The authors argue that animal medication has several major consequences on the ecology and evolution of host-parasite interactions. For one, when animal medication reduces the health of parasites, there should be observable effects on parasite transmission or virulence.

For example, when gypsy moth caterpillars consume foliage high in certain toxic compounds, transmission of viruses between the caterpillars is reduced, facilitating moth outbreaks.

In addition, animal medication should affect the evolution of animal immune systems, according to Hunter and his colleagues. Honeybees are known to incorporate antimicrobial resins into their nests. Analysis of the honeybee genome suggests that they lack many of the immune-system genes of other insects, raising the possibility that honeybees' use of medicine has been partly responsible—or has compensated—for a loss of other immune mechanisms.

The authors also note that the study of animal medication will have direct relevance for human food production. Disease problems in agricultural organisms can worsen when humans interfere with the ability of animals to medicate, they point out.

For example, increases in parasitism and disease in honeybees can be linked to selection by beekeepers for reduced resin deposition by their bees. A reintroduction of such behavior in managed bee colonies would likely have great benefits for disease management, the authors say.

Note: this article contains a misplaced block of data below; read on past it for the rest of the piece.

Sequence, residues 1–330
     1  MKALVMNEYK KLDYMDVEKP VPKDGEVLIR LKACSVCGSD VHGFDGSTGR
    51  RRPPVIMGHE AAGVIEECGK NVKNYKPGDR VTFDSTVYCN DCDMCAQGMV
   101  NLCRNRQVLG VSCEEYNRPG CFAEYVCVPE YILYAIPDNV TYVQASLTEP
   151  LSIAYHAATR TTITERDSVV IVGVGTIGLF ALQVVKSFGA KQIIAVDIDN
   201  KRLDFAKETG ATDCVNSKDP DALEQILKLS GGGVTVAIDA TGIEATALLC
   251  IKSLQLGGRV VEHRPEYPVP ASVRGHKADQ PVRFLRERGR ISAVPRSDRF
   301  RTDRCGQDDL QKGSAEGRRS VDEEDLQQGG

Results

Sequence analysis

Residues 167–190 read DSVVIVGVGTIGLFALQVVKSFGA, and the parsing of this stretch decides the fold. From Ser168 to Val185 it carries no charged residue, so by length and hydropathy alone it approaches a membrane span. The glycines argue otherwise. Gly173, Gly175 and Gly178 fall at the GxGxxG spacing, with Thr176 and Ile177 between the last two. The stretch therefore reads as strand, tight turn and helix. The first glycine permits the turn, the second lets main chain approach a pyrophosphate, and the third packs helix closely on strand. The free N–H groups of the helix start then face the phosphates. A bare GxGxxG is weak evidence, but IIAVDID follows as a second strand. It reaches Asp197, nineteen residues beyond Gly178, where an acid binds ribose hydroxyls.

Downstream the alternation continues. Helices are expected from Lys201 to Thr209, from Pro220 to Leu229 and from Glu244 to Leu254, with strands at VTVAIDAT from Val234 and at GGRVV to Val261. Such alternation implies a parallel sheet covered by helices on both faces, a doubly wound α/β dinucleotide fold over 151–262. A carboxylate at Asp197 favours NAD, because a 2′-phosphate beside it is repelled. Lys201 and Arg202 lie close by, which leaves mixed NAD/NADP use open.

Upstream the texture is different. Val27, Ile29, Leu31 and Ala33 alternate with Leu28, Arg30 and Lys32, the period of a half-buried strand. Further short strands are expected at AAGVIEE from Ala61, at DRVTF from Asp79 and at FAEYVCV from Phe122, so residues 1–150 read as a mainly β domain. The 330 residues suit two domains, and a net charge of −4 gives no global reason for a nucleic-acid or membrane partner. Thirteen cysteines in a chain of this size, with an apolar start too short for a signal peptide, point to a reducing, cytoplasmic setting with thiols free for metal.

The first author of the Science paper is Jacobus de Roode of Emory University. The other author is Thierry Lefevre of the Institut de Recherche pour le Developpement in France.

Mark Hunter: www.lsa.umich.edu/eeb/directory/faculty/mdhunter

Jim Erickson | Newswise
Further information:
http://www.umich.edu

More articles from Ecology, The Environment and Conservation:

nachricht Scientists on the road to discovering impact of urban road dust
18.01.2018 | University of Alberta

nachricht Gran Chaco: Biodiversity at High Risk
17.01.2018 | Humboldt-Universität zu Berlin

All articles from Ecology, The Environment and Conservation >>>

The most recent press releases about innovation >>>

Die letzten 5 Focus-News des innovations-reports im Überblick:

Im Focus: Optical Nanoscope Allows Imaging of Quantum Dots

Physicists have developed a technique based on optical microscopy that can be used to create images of atoms on the nanoscale. In particular, the new method allows the imaging of quantum dots in a semiconductor chip. Together with colleagues from the University of Bochum, scientists from the University of Basel’s Department of Physics and the Swiss Nanoscience Institute reported the findings in the journal Nature Photonics.

Microscopes allow us to see structures that are otherwise invisible to the human eye. However, conventional optical microscopes cannot be used to image...